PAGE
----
Improving Surgical Residents' Performance on Written Assessments of Cultural Competency

Aleksandra Krajewski, Christine Rader, Anthony Voytovich, Walter E. Longo, Robert A. Kozol, Rajiv Y. Chandawarkar

Research output: Contribution to journalArticlepeer-review

14 Scopus citations


Context: The pressure to implement cultural-competency training at the level of GME is high. The rapidly diversifying American population and the ACGME demand it, and cultural competency is recognized as a core competency under "Professionalism.". Objectives: The objectives for this study were (1) to assess residents' baseline levels of cultural competence, (2) define barriers to skill-acquisition, and (3) examine efficacy of educational programs in improving cultural competence. Setting & Participants: In all, 43 residents from the University of Connecticut School of Medicine participated in a prospective, Institutional Review Board (IRB)-approved study. Design: During Step 1 (pretest), baseline performance was recorded using 3 assessments: (1) Healthcare Cultural Competency Test (HCCT), (2) Cultural skills acquisition (CSA), and (3) Clinical Scenarios Test (CSE). During Step 2 (Educational Intervention), a 2-part lecture that focused on principles of cultural competency and continued self-learning was presented. Last, for Step 3 (posttest), the post-program evaluation was administered as in Step 1. Main Outcome Measures: Answers for Step 1 (pretest) and Step 3 (posttest) were compared using a paired t-test for HCCT and CSE and the chi-square test for CSA. Results: Thirty-five replies were evaluated. Every resident performed better on the posttest than the pretest. Specifically, participants showed 88% improvement in their scores on the HCCT (pretest: 360, posttest: 696; p < 0.01), 2-fold improvement on the CSA (pretest: 6, posttest: 12; p < 0.009), and 40% improvement in CSE (pretest mean score = 23.3, posttest = 34.6; p < 0.01). Commonly identified barriers to learning included inadequate teaching tools and absence of formal training. Conclusions: Surgery residents tested for 3 aspects of cultural competence prior to and after teaching sessions showed marked improvement on all 3 assessment measures after this brief intervention.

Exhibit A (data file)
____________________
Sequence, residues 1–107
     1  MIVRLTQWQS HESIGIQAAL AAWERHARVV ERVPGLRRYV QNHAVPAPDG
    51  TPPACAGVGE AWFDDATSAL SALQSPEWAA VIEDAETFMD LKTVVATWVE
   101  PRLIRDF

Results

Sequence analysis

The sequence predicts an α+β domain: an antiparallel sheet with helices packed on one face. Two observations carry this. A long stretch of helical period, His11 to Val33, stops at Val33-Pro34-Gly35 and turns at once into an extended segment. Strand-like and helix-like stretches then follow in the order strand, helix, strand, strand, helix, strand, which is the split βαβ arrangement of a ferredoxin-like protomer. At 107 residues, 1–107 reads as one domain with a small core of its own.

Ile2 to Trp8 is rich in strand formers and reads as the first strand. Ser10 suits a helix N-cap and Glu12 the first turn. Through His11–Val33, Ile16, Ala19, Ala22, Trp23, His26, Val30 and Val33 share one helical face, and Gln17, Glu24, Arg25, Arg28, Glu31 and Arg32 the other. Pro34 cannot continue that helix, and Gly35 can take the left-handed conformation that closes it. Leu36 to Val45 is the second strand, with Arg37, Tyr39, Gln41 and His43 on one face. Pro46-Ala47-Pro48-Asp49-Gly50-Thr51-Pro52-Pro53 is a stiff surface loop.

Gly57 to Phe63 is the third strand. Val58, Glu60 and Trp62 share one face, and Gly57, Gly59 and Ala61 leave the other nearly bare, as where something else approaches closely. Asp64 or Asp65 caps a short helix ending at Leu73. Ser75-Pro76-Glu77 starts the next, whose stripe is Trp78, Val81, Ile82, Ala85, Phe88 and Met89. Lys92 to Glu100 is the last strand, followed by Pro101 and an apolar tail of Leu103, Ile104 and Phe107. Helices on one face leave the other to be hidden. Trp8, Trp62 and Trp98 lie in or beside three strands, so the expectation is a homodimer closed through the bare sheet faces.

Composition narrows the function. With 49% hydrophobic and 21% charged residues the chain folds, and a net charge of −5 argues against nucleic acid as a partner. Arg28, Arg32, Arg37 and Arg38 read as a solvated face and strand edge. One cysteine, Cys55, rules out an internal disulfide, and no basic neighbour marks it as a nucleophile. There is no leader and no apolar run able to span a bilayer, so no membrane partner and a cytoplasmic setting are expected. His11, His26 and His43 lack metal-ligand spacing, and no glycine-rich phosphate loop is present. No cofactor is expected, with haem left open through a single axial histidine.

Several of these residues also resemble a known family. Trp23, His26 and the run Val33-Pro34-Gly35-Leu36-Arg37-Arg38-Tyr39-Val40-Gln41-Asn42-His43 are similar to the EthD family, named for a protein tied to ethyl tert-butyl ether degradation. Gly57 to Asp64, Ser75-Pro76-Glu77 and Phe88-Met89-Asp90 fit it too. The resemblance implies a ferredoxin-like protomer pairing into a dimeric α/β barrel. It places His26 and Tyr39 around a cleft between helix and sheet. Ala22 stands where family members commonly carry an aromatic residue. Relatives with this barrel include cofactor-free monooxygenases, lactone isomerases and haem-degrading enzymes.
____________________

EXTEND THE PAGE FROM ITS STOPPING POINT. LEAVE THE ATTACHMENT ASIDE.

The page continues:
Original languageEnglish (US)
Pages (from-to)263-269
Number of pages7
JournalJournal of Surgical Education
Issue number4
StatePublished - Jul 2008


  • ACGME Outcomes Project
  • cultural competency
  • Interpersonal & Communication Skills
  • Patient Care
  • Professionalism
  • transcultural health care

ASJC Scopus subject areas

  • Surgery
  • Education


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